Remember Clinton Who Rocked Those Big Glasses in 'Crooklyn'? Sadly, He Passed Away Way Too Young
Clinton was one of the memorable characters in Spike Lee’s 1994 film “Crooklyn” but sadly, Carlton Williams, who played the role, died less than a decade later.
Williams nailed his portrayal of Clinton, the annoying older brother who was a New York Knicks fan and enjoyed teasing his younger siblings.
Spike Lee's "Crooklyn," a look at Brooklyn family life in the 1970s, has won the One Film, One New York vote https://t.co/qhI8vxyxlP— New York Times Arts (@nytimesarts) September 6, 2017
His most distinctive feature, however, may have been those big, thick-rimmed glasses he sported in the film.
"A film I had the opportunity to start in 23 years ago is going to be shown in movie theaters"
“Crooklyn” was released in 1994, but by 2003, only nine years later, Williams would succumb to complications from sickle cell anemia, a condition prevalent among African Americans.
According to ILOSM, Williams was 24 at the time of his death, and there wasn’t much hype surrounding the event.
Nevertheless, Williams will always be remembered for portraying Clinton, a character that mirrored the childhood of many 70s kids.
“Crooklyn” is a semi-autobiographical film set in the Bedford-Stuyvesant area in Brooklyn, New York and tells the story of a struggling family that, despite their lack of material possessions, manage to get by with love.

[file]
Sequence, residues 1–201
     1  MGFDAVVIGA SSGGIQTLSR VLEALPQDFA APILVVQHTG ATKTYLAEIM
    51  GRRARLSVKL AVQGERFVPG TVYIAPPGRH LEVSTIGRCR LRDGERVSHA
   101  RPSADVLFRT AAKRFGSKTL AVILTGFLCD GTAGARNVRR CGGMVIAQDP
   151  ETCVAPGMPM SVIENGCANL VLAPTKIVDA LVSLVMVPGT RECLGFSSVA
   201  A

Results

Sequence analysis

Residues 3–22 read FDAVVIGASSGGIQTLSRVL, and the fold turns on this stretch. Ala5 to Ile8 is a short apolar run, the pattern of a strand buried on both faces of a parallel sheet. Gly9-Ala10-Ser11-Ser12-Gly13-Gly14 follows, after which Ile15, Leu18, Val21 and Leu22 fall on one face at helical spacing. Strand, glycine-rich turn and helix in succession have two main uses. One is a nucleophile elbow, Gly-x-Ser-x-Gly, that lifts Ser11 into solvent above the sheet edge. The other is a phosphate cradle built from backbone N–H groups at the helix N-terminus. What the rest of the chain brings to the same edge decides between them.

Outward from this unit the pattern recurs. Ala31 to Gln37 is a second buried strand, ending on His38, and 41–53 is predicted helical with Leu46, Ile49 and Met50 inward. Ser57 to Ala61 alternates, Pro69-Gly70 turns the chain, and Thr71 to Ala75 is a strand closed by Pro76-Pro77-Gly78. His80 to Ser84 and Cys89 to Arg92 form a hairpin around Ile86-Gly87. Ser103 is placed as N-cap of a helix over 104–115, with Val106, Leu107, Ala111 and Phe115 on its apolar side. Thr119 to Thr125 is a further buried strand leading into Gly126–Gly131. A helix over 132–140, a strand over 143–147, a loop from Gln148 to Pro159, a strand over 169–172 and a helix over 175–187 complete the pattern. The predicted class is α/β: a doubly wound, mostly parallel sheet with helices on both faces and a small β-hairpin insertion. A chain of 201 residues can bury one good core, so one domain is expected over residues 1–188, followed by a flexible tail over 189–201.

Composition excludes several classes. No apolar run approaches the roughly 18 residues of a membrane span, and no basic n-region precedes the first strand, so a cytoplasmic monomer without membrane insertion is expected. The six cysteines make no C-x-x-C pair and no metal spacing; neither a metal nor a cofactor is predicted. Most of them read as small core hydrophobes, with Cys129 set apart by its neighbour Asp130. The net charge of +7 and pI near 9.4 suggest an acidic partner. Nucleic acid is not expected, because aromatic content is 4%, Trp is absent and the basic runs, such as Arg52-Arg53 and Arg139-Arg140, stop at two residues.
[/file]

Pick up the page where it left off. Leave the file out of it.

Besides Williams, the film also starred Alfre Woodard, Delroy Lindo, and Zelda Harris, who the story is built around.
In December 2018, we shined the spotlight on Harris, who is now a singer. Harris, who played Troy, appeared in a couple of other productions after “Crooklyn” but seems to be more in love with music now.
Despite her new passion, however, Harris appeared genuinely excited in September of 2017 when she learned “Crooklyn” would be shown in New York theaters more than two decades after its original release.
Taking to Instagram at the time, Harris raved:
“You guys!!! I couldn't be more excited! Tell me why a film I had the opportunity to start in 23 years ago is going to be shown in movie theaters ALL OVER NEW YORK this month! And I'm talking all five boroughs, so any barr beef y'all have, y'all need to put that all aside and go out and see this movie!”
We’re sure that, had Williams been alive, the actor would have been equally excited to know that something he was a part of still had a significant impact on people many years later.
Yes, Williams may be gone, but he continues to be remembered by his impressive work.